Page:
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Great examples of press release headlines

Great examples of press release headlines

Peter IbbetsonBy Peter Ibbetson

It’s no secret that headlines are the most difficult part of a press release to get right. With very few words to capture the attention of a journalist and summarise your entire pitch, it’s no wonder many are left asking the question “What makes a good press release headline?

So to help we’ve picked out and analysed 5 recent press release headlines to give you an insight into what’s “great” when it comes to the perfect headline.

"7 tips for tackling the COVID summer learning loss"

This has one of the components that journalists look for - good tips that are relevant to trending news at the time. This one picks up on the stresses that were being faced during lockdown as parents tried to ensure their sons and daughters received some form of education whilst at the same time working from home. Critically it offered information that a journalist could use to create an article that many would read. The headline is short, succinct and flags exactly what is coming in the body of the release.

"Young family raffles £750,000 London townhouse"

This one has the same immediate impact and tells what is in the release. Being short it appears in full for journalists on their mobile phones in the heading. More than anything it has a great edge and is almost guaranteed to attract inquisitive interest.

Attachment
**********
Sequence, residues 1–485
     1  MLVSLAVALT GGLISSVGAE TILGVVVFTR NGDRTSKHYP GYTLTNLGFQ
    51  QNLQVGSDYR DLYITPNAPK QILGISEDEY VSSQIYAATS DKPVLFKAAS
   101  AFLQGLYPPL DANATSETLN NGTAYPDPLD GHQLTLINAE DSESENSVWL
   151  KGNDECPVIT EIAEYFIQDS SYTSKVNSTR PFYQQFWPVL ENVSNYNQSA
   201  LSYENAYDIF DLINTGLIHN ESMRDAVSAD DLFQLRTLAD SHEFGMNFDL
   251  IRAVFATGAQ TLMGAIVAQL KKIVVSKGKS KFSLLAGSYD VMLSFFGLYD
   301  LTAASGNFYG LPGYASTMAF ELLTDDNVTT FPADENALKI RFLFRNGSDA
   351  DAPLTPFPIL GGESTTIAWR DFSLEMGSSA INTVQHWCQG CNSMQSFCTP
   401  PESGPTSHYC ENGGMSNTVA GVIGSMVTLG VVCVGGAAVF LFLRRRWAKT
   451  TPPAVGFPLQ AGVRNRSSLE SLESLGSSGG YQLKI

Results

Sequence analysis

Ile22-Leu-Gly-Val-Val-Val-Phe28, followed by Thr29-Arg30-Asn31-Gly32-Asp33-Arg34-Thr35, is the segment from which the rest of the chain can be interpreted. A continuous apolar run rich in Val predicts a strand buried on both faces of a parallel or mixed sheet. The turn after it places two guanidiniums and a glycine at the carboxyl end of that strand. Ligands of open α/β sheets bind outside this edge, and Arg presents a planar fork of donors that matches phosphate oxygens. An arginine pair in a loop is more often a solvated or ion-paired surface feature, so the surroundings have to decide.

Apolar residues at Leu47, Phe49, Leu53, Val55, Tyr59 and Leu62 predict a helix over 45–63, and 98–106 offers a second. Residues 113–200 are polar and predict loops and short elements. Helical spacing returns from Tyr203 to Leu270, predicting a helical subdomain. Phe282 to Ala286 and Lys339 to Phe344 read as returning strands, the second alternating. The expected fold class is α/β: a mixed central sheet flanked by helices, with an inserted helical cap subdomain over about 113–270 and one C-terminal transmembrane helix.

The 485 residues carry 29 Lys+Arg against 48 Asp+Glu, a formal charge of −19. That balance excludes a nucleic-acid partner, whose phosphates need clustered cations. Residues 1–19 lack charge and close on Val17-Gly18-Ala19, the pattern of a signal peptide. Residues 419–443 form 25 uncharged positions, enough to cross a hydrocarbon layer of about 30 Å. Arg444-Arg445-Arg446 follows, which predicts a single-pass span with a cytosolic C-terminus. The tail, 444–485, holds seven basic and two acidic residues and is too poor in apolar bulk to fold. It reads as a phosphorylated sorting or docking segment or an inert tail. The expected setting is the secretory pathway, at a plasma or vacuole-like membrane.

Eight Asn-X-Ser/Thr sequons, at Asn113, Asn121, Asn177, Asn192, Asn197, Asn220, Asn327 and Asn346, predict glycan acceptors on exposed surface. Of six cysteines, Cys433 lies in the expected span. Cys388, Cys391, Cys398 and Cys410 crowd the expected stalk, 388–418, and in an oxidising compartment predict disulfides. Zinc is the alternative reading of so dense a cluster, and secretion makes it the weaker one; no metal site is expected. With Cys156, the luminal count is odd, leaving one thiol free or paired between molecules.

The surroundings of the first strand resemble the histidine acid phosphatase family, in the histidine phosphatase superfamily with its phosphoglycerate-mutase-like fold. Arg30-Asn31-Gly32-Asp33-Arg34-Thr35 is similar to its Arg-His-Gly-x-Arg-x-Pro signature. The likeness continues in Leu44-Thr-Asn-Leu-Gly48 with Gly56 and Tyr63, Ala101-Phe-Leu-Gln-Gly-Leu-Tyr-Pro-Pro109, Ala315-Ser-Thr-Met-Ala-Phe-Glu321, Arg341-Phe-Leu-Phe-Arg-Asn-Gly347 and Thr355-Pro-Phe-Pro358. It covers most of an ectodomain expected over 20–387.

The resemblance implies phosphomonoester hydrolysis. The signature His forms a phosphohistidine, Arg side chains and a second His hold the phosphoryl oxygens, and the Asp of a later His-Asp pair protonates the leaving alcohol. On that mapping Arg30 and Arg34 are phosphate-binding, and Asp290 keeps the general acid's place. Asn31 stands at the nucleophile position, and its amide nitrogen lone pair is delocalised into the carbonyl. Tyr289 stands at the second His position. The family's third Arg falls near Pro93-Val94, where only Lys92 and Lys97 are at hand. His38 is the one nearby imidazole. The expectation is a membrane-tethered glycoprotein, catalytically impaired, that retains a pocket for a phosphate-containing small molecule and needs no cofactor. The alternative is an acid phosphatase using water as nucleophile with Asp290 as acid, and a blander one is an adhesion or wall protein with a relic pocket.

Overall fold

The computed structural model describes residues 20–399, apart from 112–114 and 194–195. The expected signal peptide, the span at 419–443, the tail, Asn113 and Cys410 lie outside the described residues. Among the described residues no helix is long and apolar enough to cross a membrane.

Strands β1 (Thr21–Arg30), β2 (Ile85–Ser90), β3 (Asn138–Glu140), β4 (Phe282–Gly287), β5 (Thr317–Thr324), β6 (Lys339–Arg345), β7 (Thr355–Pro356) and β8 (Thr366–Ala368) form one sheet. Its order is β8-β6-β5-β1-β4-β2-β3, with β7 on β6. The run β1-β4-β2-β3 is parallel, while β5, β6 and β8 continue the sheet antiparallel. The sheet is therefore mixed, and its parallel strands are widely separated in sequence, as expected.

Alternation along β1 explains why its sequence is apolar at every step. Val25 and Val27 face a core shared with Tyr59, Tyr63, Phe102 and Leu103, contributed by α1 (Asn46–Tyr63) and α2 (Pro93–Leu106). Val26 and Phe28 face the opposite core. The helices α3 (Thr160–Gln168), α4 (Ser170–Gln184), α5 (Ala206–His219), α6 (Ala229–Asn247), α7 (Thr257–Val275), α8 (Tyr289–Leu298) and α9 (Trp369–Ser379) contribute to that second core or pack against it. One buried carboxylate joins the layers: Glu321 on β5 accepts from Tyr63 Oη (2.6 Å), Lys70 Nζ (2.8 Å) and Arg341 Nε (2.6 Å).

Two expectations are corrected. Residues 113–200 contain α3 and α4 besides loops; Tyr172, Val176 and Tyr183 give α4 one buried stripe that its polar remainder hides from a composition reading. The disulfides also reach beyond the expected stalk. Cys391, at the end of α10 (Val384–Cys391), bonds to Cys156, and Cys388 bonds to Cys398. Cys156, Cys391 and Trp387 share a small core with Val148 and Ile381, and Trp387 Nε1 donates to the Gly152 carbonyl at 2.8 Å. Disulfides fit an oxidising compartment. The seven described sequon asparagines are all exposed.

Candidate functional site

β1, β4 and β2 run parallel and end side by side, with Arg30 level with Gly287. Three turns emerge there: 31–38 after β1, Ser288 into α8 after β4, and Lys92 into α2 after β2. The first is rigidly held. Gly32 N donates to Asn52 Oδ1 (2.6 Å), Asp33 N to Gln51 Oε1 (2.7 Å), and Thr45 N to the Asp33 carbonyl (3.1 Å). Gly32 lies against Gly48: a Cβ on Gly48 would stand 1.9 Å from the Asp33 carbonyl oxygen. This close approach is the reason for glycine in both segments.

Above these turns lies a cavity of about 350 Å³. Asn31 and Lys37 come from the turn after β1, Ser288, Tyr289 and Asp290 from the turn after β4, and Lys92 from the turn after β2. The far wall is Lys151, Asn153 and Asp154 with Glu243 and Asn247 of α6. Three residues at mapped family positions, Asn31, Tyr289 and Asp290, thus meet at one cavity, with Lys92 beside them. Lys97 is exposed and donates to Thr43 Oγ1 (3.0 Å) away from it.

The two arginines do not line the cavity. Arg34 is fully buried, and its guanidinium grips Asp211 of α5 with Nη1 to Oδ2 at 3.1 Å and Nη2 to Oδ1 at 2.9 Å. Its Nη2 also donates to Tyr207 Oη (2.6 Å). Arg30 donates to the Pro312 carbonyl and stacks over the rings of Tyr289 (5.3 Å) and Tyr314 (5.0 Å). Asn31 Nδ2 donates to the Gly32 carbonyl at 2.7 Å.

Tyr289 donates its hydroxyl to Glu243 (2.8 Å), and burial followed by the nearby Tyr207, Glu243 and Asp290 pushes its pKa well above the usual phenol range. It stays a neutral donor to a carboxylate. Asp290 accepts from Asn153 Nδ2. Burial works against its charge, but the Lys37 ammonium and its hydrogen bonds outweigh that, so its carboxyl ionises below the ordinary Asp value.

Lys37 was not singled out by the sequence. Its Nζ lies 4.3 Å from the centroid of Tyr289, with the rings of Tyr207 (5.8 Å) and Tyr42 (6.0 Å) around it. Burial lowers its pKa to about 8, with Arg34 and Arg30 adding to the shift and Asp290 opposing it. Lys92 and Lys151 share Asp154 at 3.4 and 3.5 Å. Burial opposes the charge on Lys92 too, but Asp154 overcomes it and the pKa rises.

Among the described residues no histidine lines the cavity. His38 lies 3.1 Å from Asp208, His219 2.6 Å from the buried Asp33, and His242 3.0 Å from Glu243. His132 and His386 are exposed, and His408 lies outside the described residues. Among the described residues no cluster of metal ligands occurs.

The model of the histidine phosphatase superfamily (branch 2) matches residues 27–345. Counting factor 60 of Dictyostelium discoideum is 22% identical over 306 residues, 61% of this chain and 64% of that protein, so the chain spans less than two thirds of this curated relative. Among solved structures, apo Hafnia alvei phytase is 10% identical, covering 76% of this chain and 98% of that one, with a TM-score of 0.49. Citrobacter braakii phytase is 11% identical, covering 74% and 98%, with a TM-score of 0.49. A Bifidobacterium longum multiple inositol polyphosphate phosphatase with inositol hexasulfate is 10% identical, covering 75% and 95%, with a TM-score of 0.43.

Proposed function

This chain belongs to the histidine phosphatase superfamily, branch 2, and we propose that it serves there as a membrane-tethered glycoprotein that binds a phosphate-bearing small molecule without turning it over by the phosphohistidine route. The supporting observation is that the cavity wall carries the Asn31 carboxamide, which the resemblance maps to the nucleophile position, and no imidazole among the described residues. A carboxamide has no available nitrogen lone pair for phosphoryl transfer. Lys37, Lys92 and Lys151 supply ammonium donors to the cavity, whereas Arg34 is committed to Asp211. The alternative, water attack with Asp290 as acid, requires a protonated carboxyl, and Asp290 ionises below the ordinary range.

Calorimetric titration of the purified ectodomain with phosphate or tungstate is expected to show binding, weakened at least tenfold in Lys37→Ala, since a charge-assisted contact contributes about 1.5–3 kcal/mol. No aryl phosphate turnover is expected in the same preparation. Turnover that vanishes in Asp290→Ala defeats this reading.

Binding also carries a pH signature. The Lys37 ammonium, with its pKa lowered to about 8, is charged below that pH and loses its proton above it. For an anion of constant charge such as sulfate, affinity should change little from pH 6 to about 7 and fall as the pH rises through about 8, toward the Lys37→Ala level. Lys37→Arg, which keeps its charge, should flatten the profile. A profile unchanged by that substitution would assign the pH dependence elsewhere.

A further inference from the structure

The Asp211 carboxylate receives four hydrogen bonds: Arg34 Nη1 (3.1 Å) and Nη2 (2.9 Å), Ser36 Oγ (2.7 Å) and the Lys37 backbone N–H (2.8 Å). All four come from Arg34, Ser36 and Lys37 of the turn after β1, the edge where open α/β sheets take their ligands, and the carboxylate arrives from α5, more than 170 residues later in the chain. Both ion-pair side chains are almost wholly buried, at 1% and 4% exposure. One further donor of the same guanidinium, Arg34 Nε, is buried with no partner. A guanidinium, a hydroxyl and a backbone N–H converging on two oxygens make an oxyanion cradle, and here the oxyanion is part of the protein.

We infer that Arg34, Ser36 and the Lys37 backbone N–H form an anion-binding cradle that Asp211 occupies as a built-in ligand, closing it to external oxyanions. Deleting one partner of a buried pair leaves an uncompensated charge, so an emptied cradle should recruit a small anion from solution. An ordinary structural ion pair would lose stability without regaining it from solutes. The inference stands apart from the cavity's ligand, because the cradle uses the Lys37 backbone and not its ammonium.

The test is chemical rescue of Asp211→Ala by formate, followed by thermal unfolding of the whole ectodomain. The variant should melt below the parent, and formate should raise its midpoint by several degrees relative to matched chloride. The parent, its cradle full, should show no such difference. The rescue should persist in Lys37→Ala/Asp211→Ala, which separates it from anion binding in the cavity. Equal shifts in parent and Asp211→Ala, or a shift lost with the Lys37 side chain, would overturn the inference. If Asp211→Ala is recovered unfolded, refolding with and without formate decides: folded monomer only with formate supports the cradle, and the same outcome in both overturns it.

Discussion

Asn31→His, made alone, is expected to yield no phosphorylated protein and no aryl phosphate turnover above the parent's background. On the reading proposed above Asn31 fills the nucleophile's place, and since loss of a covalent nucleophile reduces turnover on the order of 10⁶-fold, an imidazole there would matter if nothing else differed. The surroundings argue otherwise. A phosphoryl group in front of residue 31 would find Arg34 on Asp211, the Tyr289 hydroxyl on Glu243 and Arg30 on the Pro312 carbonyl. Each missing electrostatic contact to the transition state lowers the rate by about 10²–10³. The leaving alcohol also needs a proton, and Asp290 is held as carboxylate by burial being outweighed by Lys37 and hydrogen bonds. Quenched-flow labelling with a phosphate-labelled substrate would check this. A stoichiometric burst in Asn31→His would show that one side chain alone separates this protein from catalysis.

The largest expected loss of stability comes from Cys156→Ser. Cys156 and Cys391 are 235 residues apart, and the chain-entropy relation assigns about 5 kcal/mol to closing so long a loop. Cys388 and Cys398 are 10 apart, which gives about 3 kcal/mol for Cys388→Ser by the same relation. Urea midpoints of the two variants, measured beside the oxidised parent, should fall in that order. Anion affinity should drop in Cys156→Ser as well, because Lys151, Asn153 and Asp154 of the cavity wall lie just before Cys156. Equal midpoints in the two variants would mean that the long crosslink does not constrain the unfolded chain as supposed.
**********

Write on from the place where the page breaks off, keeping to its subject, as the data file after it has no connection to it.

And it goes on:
"Leading fraud expert warns of posting exam certificate selfies online"

With trending news around exam results, adding the fraud angle and technology gives this release a good hook that any journalists covering the exams stories would be interested in. The headline may be slightly too long for some mobile phones, but the opening words do a good job of peaking the attention of the recipient to read the rest.

"Forum of Private Business celebrates as Highwayman beats up Mr Punch"

A headline that was compelling and was bound to attract. It has a teasing angle to it, yet it was relevant, talking about an issue between a pub and the brewery company. Additionally, it started with a recognised organisation name which would have immediately added credibility to the story.

"Launch of new British luxury, sustainable nappy brand: Peachi Baby"

Some journalists will immediately pass on a release if it says ‘Launch’, as it is potentially a selling job which they dislike. However, the two angles shouting about ‘British’ and ‘sustainability’ meet well with current affairs and encourage a second look from a journalist.

In this case, reordering the headline to “British sustainable nappy brings luxury to Peachi Baby bottoms” might have pulled in a wider, none trade specific audience.

 

To learn more about the science behind headlines, check out our article on How to craft a great headline for my press release